once every year, his visits to India are much less frequent.
I remember one memorable Dom Pérignon dinner at the Oberoi around a decade ago when several vintages were served, everyone got very merry, there was music, there was singing and the then Spanish Ambassador and his wife did a flamenco-style dance.
Geoffroy has been in India only once after that so this trip was something of a milestone. He went to Jodhpur where around 60 socialites from Bombay and Delhi flew in for a night to attend a Dom Pérignon dinner. Then, there was a second dinner at Delhi’s Le Cirque for another 35 or so high-rollers.
Sadly, I did not make it to either of these glitzy events, but just before Richard took an Air France flight back to Paris, we had a quiet, private dinner at Megu (Richard was staying at the Delhi Leela) to talk about Dom Pérignon and wine in general.
We were joined by the engaging Gaurav Bhatia from Moët et Chandon who brought along two bottles of Dom: the 2003, which is the current vintage, and a 2000 rosé. I wanted Richard’s opinion on a wider range of Dom Pérignon vintages so I took along two bottles of my own: the 1999 and 1998 vintages.
Megu’s chef Achal Aggarwal planned a champagne-friendly menu but as the meal went on, I persuaded the Leela to bring in food from their other restaurants, the award-winning Le Cirque and Jamavar. As you can imagine, we ate well and drank rather too well.
Dom Pérignon is the most famous premium champagne in the world (and the leader in its market segment), but it is also the sort of champagne that is only made in those years when the grape quality is outstanding. So there are more years when Dom Pérignon is not made than those when the champagne is bottled and a vintage declared.
French wine is about terroir, a word that is probably untranslatable in English but which takes in the soil, the microclimate, the location and many other factors. While wines in the New World (America, Australia etc.) are usually grouped together by grape variety: Cabernet Sauvignon, Chardonnay, Merlot etc., the French regard the grapes, though important, as secondary to the terroir. So their wines are identified by location: Champagne, Chablis, Bordeaux, etc., are all names of places.
For the French, wine is essentially an agricultural product, a means of taking the flavour of the soil (or the terroir) and putting it into a bottle. Richard Geoffroy, for instance, comes from a family that has made champagne for several generations but he sees himself primarily as a farmer. When he was young, he broke away from the family tradition and went to medical school. But he soon came back because, as he says, “When your family has roots in the land, then all farmers are drawn back to their soil.”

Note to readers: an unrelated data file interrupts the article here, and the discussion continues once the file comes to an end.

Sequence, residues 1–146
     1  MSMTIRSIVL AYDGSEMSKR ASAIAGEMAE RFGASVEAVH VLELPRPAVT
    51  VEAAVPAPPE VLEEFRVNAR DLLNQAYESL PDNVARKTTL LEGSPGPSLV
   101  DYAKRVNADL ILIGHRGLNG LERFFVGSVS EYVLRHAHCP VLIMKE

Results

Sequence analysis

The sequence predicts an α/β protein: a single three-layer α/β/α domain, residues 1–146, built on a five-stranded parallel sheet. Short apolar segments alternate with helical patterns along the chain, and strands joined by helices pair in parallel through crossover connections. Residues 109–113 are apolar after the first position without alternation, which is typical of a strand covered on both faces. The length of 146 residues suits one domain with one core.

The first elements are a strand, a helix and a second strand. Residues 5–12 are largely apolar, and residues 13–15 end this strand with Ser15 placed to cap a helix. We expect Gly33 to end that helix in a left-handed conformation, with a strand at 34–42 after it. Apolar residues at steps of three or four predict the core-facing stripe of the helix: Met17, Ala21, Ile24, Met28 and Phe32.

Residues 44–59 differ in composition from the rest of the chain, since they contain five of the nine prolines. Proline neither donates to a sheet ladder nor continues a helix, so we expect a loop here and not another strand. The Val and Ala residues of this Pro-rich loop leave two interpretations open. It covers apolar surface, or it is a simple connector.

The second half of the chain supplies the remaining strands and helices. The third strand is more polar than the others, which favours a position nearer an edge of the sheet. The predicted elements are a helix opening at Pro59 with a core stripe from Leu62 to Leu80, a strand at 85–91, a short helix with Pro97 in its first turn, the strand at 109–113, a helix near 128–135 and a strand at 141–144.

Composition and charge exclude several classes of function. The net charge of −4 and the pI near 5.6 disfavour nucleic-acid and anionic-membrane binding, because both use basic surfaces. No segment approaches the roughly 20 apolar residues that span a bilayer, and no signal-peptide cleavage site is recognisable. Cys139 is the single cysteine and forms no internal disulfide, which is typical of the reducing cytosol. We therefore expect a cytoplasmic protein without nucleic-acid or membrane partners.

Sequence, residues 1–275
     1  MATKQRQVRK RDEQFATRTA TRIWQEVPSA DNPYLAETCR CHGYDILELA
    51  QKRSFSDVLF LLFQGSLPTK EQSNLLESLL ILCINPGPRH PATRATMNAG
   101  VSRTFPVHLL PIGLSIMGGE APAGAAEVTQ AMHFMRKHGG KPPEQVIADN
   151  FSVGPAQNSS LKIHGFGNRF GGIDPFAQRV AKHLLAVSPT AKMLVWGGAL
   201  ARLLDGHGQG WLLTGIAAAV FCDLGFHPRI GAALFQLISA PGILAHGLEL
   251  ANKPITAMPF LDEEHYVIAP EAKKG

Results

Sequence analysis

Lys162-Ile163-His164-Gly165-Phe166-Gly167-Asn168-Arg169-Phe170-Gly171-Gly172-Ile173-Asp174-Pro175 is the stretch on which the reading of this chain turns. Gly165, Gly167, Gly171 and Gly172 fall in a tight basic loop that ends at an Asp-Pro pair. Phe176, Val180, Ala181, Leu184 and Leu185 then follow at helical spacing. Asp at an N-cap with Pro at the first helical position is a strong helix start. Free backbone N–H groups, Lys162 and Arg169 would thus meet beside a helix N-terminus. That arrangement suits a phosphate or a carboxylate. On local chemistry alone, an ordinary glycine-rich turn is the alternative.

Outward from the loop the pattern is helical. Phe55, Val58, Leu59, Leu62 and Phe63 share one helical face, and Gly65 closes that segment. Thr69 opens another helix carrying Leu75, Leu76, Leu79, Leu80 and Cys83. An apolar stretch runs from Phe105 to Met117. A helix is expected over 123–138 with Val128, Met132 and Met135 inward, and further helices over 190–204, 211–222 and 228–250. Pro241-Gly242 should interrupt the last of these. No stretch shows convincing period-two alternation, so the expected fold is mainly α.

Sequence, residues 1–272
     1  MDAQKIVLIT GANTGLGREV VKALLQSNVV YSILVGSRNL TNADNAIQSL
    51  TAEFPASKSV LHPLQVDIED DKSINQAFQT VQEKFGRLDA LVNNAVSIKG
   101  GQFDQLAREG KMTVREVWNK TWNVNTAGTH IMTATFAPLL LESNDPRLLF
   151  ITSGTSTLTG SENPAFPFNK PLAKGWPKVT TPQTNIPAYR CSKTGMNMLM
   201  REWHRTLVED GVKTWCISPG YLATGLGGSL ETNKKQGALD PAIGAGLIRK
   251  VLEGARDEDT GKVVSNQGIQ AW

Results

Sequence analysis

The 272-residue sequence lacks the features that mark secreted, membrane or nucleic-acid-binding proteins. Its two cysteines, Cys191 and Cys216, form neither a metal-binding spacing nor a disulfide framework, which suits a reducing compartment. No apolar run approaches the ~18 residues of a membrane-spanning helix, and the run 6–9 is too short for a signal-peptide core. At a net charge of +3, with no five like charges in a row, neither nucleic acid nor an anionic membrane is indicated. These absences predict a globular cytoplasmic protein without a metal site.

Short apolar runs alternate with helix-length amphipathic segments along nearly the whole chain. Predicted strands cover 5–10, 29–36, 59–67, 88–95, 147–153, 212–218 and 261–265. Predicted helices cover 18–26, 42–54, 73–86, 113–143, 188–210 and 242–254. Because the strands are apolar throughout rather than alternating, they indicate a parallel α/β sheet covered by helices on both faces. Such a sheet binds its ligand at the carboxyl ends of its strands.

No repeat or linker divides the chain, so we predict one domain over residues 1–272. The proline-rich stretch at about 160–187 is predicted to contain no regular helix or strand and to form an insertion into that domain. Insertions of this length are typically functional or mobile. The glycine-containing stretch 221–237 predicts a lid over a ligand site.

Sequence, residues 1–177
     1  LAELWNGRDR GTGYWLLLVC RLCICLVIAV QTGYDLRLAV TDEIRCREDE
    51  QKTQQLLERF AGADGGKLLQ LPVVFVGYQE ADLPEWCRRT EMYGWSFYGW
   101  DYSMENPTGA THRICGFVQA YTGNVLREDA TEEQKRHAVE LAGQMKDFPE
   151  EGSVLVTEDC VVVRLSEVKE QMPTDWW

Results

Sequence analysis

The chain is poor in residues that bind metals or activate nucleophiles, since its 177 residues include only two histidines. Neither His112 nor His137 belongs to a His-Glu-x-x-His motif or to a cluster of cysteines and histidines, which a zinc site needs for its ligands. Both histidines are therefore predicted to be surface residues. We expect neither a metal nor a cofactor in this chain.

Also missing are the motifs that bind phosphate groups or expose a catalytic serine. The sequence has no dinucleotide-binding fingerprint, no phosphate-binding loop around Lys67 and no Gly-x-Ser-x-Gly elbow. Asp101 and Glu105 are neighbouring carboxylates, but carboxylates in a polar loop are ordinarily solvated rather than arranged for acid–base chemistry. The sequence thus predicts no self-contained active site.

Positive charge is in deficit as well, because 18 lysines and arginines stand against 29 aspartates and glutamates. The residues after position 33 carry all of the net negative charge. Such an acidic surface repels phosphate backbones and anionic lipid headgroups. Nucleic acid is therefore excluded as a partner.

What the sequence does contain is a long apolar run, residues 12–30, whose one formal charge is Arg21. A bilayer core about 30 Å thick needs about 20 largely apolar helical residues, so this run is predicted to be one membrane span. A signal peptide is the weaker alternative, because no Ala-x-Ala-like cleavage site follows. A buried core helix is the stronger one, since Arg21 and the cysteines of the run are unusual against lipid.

Unlike many great and famous French wines that are the product of a single vineyard in a single year (say Lafite or Latour or one of the seven Grand Crus of Chablis), champagne has always been different. Most champagne – even the kind made by top brands like Moët et Chandon or Bollinger or Taittinger – is neither vintage nor the product of a single vineyard.
The champagne houses usually buy the grapes from the hundreds of small farmers who own vineyards in the region and then blend the wine. Because each brand has a house-style – non-vintage Moët et Chandon will taste roughly the same, year after year – champagne-makers combine the wine from each year’s vintage with reserve wines, preserved from previous years, to make a champagne that conforms to the house-style.Champagne costs at least twice as much as (and often much more than) regular champagne and the houses justify this price on the grounds that most premium wines are only made in very good years from the best grapes grown that season. Some, like Cristal, for instance, are not only vintage (i.e. from a single year’s grapes not from blends with reserve wines) but also from a single vineyard. One or two others, like Krug Grande Cuvée, for instance, are not vintage wines but justify their high prices on the grounds that they use great grapes and are blended by masters.